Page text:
A: Well, it has to. It has to. I mean, otherwise I would have to stop singing it. But my idea about music and about art is that you always treat it as it’s the first time you’ve ever heard it and the first time you’ve ever sung it, and hopefully the first time anybody else has ever heard it, trusting that they might know the words.

Q: How does that fit with your practice today with Self-Realization Fellowship?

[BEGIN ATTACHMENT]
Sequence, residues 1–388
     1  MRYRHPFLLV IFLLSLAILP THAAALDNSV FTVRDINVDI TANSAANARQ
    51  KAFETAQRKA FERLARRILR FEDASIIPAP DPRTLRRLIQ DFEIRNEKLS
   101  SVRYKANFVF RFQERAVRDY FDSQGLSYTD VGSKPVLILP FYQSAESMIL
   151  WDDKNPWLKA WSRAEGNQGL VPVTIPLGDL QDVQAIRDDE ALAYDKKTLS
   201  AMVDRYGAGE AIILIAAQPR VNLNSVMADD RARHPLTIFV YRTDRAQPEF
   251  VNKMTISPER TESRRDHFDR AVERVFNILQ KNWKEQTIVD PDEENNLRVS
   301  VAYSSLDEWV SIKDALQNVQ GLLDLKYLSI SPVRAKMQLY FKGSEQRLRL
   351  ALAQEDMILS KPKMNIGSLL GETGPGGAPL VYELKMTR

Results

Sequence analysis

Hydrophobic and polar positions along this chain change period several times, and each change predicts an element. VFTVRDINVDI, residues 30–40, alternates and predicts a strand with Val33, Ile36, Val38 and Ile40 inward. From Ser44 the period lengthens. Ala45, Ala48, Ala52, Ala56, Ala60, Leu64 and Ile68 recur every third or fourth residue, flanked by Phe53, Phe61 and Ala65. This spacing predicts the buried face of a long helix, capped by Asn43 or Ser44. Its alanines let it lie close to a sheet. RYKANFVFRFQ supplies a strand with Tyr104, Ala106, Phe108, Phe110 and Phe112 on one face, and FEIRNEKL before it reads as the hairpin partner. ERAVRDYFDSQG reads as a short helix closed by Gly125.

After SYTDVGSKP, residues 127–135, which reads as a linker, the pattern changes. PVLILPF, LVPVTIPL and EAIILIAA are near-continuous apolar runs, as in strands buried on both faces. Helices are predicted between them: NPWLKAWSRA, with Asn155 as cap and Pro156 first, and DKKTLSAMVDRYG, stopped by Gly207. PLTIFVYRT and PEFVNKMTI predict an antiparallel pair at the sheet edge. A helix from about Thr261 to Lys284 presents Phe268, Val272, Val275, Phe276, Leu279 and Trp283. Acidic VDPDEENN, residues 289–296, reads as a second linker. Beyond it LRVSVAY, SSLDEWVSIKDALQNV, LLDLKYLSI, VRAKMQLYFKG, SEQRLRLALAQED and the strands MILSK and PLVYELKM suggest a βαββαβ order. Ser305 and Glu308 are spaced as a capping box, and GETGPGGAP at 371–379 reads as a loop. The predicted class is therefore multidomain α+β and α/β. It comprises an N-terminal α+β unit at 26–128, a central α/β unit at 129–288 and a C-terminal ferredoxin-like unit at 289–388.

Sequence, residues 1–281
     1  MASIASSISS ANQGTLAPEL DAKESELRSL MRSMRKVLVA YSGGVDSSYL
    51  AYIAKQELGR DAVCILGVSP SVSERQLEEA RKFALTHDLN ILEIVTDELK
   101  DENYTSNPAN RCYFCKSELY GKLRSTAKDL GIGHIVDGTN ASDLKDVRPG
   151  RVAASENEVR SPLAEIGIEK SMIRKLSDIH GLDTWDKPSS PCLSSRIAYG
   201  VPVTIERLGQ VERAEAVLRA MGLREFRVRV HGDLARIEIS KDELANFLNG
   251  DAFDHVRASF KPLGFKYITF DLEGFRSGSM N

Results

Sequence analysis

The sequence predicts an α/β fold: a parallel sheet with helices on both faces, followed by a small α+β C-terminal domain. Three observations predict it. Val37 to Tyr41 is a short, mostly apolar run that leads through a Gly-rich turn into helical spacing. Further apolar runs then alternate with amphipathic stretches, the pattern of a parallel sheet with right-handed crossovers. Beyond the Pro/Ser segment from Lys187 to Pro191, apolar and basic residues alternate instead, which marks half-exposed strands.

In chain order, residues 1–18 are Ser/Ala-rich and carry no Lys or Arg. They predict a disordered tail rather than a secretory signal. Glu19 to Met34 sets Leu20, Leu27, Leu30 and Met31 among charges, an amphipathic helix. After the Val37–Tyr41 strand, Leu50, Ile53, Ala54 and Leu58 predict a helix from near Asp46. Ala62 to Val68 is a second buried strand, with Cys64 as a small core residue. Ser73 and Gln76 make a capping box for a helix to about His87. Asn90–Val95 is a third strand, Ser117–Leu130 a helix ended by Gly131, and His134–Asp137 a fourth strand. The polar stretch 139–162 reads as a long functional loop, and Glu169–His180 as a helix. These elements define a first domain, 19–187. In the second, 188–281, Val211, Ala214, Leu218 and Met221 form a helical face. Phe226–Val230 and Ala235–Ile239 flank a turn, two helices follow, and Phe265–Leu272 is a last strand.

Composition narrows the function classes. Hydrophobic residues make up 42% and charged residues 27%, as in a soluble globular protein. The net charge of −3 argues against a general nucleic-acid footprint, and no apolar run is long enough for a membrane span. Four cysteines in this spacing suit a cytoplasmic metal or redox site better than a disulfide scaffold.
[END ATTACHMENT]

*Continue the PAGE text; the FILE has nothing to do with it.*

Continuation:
A: I found SRF http://www.paramahansayogananda.org/ and I’ve done a lot of different kinds of meditation. I would go and hear Krishnamurti. I read a lot of spiritual books. I just like them. I’m reading Stephen Mitchell’s book right now called THE GOSPEL ACCORDING TO JESUS. People have told me that — my husband, who was a Lutheran, grew up with what they called a red-line Bible. These are Bibles where it’s just the words that Jesus actually spoke. I think of Jesus as a total rebel because he was saying things that were completely out — forgive your enemies? Are you kidding? What a concept — very revolutionary, actually. So I read a lot of I guess you would call it Bible stories. I’m fascinated by this person who was at the same time healing and taught us a new way to look at things. I’m fascinated by the process of how the Eastern religion fits into my life, how Buddhism may affect me. You see in the house there are a number of Buddhas and figures. There’s St. Francis, too, but there are a lot of Buddhas from around the world. When I made my movie about Dr. Bricco, my great teacher, Antonia, and I had known her for years, and she was a very — she was Dutch and Italian and very — there was Beethoven in one corner and there was Sibelius in another, and she conducted orchestras and wanted me to be a great pianist, and she was a very serious person. It broke her heart when I decided to sing folk music. And as the years went on and I wanted to tell her story in a film, I got a film crew together and went to Denver. Fifteen years, I guess, after I’d stopped playing – fourteen maybe. And in photographing, as you do, you go around and photograph the tchotchkes in a person’s house, and there was a little picture of Yogananda, and I thought, “What is that doing in here among the Beethovens and the Brahmses and the Debussys?” And I never asked her about it. I just kind of let it go. It sort of goes by in the movie and nobody ever mentions it, and I doubt if many people noticed it. And then, in the late ’70s, she and I were seeing a lot more of each other. She was coming through New York more often. And I had gone to Europe with her on the QE-2, first and only time I ever did that. And we were having lunch one day and she said, “Do you know anything about crea-yoga?” We were talking about her childhood and how difficult it had been. She was a foster child and had a rough time. And I said, “I don’t, no, I don’t know anything.” And she said, “Well, I want you to read Yogananda’s autobiography.” So that was the beginning. I read the book. I found out about him as a guru, as a teacher, as a meditator. He’d been her friend — I mean he was the person who convinced her that she could become a conductor when everybody else said, “Oh, no, you don’t want to do that. That’s not for women. That’s only for men.” So this has impressed me a lot, and I began by reading the book. And then I sent away for the meditation lessons, and eventually I was confirmed as a person who practices SRF, and it’s, you know, they say, you know, it’s not a perfect practice. You’re just trying to make progress all the time. But I do love it. When I did that meditation, which has a series of — yoga as you begin the meditation, I said to Louis, I remember saying, “Oh, this just does it. This is what I’ve been looking for.” So, consequently, I’ve stayed with that practice, and it’s very — it’s very comforting. It’s very revealing. It works. I think you have to find the things that work. And anything — I’ll do anything that works, if it’s walking by a river, if it’s joining a chorus, if it’s going and getting therapy, if it’s, you know, whatever it is. I try to be available to a solution. But, in terms of loss, my own personal voyage with this loss, I think it’s been essential. I don’t think I would have — I don’t think I could have made it, really. I just don’t. I don’t know how people do without that kind — without the inner battles. And, for me, the inner battles — I’m, as you know, relatively political. I’ve been active pretty much most of my life. But I do feel strongly that the first order of business is the inner wars, and, you know, you have to fight them when they — the way you can.